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Why are non-native speakers so easy to recognize?
Maybe because of some cultural characteristics, the way they dress, or because of their joy? While these definitely may be some characteristics that mark foreigners abroad, do not forget pronunciation!
When speaking in English, it is necessary to take into account the many exceptions in pronunciation and to never take for granted that you have learned all of the rules. In some cases letters that are written are not pronounced. In others, the exact same suffix can be pronounced in different ways.
Below, we present to you some of the most common pronunciation errors. Read this article and keep it in mind when you are speaking English, and you will be able to blend in seamlessly with English-speakers.
The -Ed Suffix on Regular Verbs
Regular past tense verbs in English are formed by adding the suffix “-ed” to the base form of the verb. Even if all regular verbs are formed the same way, they are not all pronounced in the same way. Depending on the syllable that precedes it, the -ed suffix can be pronounced in three different ways: /id/, /d/, or /t/.
This pronunciation is used when “-ed” is preceded by a “d” or a “t”.
need → needed
end → ended
start → started
want → wanted
Regular verbs that end in a voiceless consonant sound receive this pronunciation. Some voiceless consonants include: /f/ /k/ /p/ /s/ /t/ /sh/ y /ch/.
/f/ laugh → laughed
/p/ stop → stopped
/sh/ wash →washed
/k/ like → liked
/s/ miss → missed
/ch/ watch → watched
When regular verbs end in a voiced consonant sound, they have this pronunciation. Some voiced consonants are: /b/ /g/ /v/ /z/ /m/ /n/ /l/ /th/ /r/.
/b/ grab → grabbed
/g/ beg → begged
/n/ listen → listened
/l/ kill → killed
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In English, there are some consonants that appear in the spelling of words that are not pronounced. For a non-native speaker this can be a difficult concept to grasp, since in many languages, all letters are pronounced. For example, you have definitely come across words in English where the “h” is not pronounced. The same applies to many other consonants. Let’s look at some examples.
As you know, the aspirated “h” in English is always pronounced. Here is a list of words that begin with a silent “h”.
honour (UK) / honor (USA)
To this list must be added words derived from those mentioned above, such as hourglassand honesty . From the grammatical point of view, words that begin with a silent “h” require the article “an” instead of “a.” There are also some words that have a silent “h” that is not in the beginning of the word, such as: ache and stomach.
Again, there is no exact rule. There is simply a list of words that begin with “p” followed by a consonant where the “p” is not pronounced. Here are those words:
To this list must be added the word receipt , where the “p” is not at the beginning of the word, is followed by a consonant, but is not pronounced.
There are many other silent letters in English and the only way to recognize them is to memorize them. In general, these are consonants followed by other consonants. Here are some examples: doubt , subtle , assign , design , knife , knight .
The combination “mb” is an exception to the way that most consonant clusters with silent letters work. In this case, it is the second letter, “b”, that isn’t pronounced. This rule only applies, however, when the “mb” occurs at the end of a word. Here are a few examples:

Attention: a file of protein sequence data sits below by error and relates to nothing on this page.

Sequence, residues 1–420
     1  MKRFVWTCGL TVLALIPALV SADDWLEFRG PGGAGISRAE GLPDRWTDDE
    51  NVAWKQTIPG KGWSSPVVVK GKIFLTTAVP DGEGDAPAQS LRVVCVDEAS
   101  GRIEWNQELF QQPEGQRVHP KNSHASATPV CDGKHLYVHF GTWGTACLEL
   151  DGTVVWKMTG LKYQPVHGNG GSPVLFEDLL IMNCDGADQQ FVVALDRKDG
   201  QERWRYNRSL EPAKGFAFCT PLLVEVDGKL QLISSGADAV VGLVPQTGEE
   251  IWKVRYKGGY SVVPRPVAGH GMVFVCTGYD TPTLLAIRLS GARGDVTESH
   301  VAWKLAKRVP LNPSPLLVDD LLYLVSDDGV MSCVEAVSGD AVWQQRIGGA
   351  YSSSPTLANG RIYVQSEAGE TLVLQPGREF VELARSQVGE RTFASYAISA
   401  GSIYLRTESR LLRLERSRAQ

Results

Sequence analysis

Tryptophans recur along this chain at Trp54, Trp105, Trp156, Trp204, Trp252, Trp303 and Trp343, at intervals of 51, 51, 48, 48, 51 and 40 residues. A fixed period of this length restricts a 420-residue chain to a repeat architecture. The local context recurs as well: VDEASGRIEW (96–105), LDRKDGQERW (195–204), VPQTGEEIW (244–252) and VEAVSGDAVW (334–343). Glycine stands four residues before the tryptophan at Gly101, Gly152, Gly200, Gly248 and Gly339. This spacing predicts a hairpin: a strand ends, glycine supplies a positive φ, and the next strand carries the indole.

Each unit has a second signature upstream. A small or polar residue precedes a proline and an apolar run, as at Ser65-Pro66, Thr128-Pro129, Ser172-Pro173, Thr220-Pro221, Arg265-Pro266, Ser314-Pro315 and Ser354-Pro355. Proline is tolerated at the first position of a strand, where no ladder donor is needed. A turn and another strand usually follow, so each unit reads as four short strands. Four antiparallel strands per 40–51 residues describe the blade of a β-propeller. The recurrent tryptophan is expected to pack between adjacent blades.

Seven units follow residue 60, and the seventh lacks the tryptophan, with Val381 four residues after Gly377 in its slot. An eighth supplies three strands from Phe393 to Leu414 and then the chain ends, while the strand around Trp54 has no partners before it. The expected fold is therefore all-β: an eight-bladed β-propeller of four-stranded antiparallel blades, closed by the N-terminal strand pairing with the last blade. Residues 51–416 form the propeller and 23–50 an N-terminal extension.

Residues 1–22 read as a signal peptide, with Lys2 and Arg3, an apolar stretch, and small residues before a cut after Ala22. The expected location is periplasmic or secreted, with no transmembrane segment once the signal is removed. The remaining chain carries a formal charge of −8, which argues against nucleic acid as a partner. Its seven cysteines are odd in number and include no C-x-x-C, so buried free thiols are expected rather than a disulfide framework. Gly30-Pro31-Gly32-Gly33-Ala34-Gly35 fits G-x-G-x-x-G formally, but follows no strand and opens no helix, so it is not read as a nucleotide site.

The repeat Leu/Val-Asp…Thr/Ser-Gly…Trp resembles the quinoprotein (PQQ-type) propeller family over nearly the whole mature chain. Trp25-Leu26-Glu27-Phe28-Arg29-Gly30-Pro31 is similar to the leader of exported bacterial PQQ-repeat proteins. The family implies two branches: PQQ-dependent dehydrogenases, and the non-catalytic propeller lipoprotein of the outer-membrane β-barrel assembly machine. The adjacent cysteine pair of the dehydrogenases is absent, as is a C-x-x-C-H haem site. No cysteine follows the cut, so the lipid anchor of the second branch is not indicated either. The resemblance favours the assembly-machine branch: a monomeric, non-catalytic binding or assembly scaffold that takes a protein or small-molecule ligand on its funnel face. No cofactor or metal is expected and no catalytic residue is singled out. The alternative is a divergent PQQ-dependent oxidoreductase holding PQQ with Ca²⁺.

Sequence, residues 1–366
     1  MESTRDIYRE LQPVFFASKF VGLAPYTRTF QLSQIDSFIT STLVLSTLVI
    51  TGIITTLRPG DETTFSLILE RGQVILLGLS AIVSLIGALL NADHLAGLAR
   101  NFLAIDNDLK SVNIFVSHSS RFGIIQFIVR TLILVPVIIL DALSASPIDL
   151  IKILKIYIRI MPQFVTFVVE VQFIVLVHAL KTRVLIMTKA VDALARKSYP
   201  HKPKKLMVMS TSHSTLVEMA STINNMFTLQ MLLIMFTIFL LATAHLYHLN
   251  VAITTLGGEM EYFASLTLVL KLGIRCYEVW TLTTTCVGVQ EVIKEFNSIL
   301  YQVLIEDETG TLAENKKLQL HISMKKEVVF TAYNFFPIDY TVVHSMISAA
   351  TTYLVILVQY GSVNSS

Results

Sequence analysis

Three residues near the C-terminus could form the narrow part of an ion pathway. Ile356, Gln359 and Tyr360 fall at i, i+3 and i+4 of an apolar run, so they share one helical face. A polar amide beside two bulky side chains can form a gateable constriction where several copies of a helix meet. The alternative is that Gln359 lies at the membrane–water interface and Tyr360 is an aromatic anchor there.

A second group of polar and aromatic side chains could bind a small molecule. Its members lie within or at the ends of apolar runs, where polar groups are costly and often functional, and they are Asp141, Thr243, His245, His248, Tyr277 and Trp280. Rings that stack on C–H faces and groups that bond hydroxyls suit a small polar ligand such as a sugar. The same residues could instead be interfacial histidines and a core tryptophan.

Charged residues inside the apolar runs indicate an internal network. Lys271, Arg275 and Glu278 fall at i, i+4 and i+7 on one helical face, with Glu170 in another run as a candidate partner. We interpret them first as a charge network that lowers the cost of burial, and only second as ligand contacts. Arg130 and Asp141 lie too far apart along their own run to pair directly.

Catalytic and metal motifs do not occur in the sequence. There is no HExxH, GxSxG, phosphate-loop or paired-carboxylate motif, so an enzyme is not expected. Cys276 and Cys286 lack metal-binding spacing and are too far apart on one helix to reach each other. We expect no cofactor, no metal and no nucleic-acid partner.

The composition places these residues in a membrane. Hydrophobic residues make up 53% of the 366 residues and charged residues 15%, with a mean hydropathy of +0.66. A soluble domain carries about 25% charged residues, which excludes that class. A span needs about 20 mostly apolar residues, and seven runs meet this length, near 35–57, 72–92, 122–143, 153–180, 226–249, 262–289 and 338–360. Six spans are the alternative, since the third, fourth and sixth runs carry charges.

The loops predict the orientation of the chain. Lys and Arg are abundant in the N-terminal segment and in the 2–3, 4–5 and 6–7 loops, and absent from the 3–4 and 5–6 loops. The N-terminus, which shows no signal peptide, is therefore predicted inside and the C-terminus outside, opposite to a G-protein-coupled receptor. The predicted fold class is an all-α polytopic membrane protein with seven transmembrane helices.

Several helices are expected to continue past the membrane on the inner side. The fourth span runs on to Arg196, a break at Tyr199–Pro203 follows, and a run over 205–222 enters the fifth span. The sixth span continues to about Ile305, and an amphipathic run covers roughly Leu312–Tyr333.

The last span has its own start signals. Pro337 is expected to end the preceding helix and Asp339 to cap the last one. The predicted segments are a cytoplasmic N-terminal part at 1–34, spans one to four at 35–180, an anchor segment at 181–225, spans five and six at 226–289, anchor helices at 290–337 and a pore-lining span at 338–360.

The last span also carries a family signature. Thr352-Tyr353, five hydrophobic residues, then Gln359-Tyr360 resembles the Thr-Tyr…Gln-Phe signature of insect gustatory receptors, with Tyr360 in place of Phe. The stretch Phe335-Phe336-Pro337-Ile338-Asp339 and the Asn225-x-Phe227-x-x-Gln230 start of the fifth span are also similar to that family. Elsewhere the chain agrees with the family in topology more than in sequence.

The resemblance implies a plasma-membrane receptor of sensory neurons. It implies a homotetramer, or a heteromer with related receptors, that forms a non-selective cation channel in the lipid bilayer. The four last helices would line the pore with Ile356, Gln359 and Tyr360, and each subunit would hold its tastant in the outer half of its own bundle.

The Stress on Derived Words
For some nouns or adjectives that were derived from a verb, the stress passes from a later syllable to the first syllable. This should be paid close attention to since the visual similarity of the words can be misleading.
implant (v) implant (n)
project (v) project (n)
upgrade (v) upgrade (n)
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The ending “ough”
The ending ough is tricky because it may be pronounced one of four ways, and there’s no rule to help you determine which it is.
Which words should be pronounced which way has to be memorized. The four pronunciations are:
1. /o/ In some cases, the “ugh” is silent, and only the “o” is pronounced. Words that are pronounced like this include:
2. /aυ/ “Ough” may be pronounced the way “ow” is pronounced in words like “now.” Examples of words that are pronounced this way include:
3. /Λf/ Sometimes, “ough” is pronounced like “uff.” This is the case with words like:
4. /ρf/ Finally, some words that include “ough” are pronounced as though they were spelled “off.” Examples of this include:
The combination “aught”
The letter combination “aught” is pronounced /ɔ:t/; that is, as though it were spelled “awt.” This combination appears in words such as:
The Combination “Sch”
When the letter combination “sch” appears at the beginning of a word, it is usually pronounced /sk/. Some common words that include this combination are:
Now it’s time for you to put your new knowledge into practice. How do you think the following words are pronounced?
Answers and explanations:
- /eIkT/ In the word “ached”, the h is silent, and a /k/ sound is pronounced. Since the word ends with a voiceless consonant, when it becomes past tense the ending sound is pronounced /T/. The result should sound like “baked” or “caked” without the beginning consonant.
- /daυt-ID/ In the word “doubted”, the “b” is silent. The letter “t” is pronounced, however, so you apply the rule for words ending in “d” or “t” when forming the past tense.
- /ski:m-D/ The word “schemed” begins with “sch”, which is pronounced /sk/. Since the last sound in the word is a voiced consonant, /m/, the past tense is pronounced by adding the sound /D/.
- /rekɔ:d-ID/ Since “record” may be a noun or a verb, the stress must go on the second syllable to indicate that it is a verb. Since the word ends in a “d”, when forming the past tense, the letters “ed” (the sound /ID/) are added. So “recorded” should sound like “re-kord-id.”